His work has been supported by major grants and awards from the Rockefeller Foundation, the NEA, American Express, and the Cleveland Foundation, among others. The Cleveland Play House production of Lost Highway: The Music and Legend of Hank Williams at the Little Shubert Theater in New York (2002-2003), received two Lucille Lortel nominations, three Outer Critic Circle nominations, three Drama Desk nominations, and an Obie award. The production was named one of the Top Ten Productions in New York for 2003 by Time Out: New York Magazine.
Associate Professor of Government
Michael Herron joined the Dartmouth faculty in the government department in 2003, having previously served as an assistant professor of political science at Northwestern University. He applies statistical techniques to a variety of problems in political science and his current research focuses on voting irregularities in general elections, invalid votes, and issues related to voting technology. With a particular interest in estimating the fraction of invalid votes that are intentional abstentions as opposed to technological errors, his research also seeks to understand the consequences of changing voting technologies. A 1989 graduate of Carnegie Mellon University, he received an M.A. in political science from the University of Dayton in 1992 and an M.S. in statistics from Stanford University in 1995. He received his Ph.D. from Stanford in 1998, where his dissertation topic was Political Uncertainty and the Prices of Financial Assets.
Herron's research has been published widely, and he has become known as an expert on matters of voting irregularities. Some of his articles include "Black Candidates and Black Voters: Assessing the Impact of Candidate Race on Uncounted Vote Rates," with Jasjeet S. Sekhon, (Journal of Politics, 2005); "Government Redistribution in the Shadow of Legislative Elections: A Study of the Illinois Member Initiatives Grant Program," with Brett A. Theodos, (Legislative Studies Quarterly, 2004); and "Studying Dynamics in Legislator Ideal Points: Scale Matters," (Political Analysis, 2004). He is currently working on articles about Ralph Nader's effect on the Gore candidacy, Congressional "pork," and a study on gerrymandering based on a legislative redistricting in Illinois.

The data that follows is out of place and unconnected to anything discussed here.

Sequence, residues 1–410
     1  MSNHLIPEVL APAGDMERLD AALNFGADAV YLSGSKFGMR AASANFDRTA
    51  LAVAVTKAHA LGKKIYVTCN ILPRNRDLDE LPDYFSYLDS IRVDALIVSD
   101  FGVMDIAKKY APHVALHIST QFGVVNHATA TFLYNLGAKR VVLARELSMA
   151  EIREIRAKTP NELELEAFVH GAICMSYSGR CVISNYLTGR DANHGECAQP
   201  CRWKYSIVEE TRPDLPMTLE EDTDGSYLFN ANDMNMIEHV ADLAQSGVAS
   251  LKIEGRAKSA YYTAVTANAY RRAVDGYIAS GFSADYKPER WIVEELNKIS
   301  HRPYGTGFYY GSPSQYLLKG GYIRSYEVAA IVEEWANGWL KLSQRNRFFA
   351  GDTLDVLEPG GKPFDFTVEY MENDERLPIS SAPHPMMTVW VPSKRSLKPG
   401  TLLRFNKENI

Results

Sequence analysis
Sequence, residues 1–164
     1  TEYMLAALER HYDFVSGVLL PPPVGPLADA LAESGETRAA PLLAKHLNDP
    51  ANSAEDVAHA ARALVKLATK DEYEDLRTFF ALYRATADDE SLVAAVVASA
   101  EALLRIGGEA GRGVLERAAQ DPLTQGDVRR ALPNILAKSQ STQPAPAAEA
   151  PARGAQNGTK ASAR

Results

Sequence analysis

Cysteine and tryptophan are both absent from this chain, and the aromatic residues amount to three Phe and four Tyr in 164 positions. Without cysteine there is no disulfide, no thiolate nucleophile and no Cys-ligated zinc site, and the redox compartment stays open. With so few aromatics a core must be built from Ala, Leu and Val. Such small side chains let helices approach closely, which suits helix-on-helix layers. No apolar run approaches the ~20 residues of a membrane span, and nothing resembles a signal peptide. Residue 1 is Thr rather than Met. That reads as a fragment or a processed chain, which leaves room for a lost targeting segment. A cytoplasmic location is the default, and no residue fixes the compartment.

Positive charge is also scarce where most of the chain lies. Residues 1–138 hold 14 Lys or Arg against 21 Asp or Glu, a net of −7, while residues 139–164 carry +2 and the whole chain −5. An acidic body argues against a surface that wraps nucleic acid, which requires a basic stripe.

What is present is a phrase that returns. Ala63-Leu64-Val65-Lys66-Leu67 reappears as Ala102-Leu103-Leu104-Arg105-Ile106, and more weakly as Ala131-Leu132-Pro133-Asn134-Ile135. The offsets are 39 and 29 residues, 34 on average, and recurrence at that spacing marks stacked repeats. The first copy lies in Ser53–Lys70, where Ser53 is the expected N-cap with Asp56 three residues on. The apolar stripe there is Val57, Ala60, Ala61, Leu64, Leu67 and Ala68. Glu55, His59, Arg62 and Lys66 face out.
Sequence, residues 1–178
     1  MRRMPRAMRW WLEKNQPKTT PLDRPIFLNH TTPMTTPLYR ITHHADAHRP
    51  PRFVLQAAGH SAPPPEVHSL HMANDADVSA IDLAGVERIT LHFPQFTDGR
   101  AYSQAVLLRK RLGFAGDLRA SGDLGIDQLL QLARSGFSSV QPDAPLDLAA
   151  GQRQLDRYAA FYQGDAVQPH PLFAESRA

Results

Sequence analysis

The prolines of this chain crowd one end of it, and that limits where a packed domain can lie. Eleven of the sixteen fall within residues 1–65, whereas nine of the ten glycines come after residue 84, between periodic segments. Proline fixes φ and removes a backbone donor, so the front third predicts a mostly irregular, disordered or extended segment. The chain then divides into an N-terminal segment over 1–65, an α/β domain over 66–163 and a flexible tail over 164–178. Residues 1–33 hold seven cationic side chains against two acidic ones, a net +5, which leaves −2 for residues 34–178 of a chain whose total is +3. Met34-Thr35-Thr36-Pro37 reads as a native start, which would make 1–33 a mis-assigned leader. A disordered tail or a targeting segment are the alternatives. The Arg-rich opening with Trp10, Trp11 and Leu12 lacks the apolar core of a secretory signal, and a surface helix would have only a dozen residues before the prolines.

Herron has received research grants from the National Science Foundation (NSF), the American Enterprise Institute, The Stanford University Graduate School of Business, and Northwestern University, and he served as an intelligence analyst and military officer, U.S. Air Force, Foreign Technology Division, from 1989 to 1992. He is coeditor of The Political Methodologist, a member of the editorial board of the American Journal of Political Science, and serves on the publications committee of the Society for Political Methodology.
José Manuel del Pino
Professor of Spanish
The author of numerous works of poetry and literary criticism, José Manuel del Pino is an expert on Spanish film, modern and contemporary Spanish literature, and cultural studies. He graduated from the Universidad de Málaga (Spain), where he received the "Licenciatura" (B.A. and M.A. degrees) in 1981. He holds two degrees from Princeton University, having received a second M.A. there in 1989, and a Ph.D. in 1992. A member of the faculty at the University of Colorado at Boulder beginning in 1991, he joined the Dartmouth faculty as a full professor in 2004. At Boulder, del Pino served as an assistant professor of Spanish from 1991 to 1998, and as an associate professor of Spanish from 1998 to 2004, during which time he also served as associate chair and then chair of the department.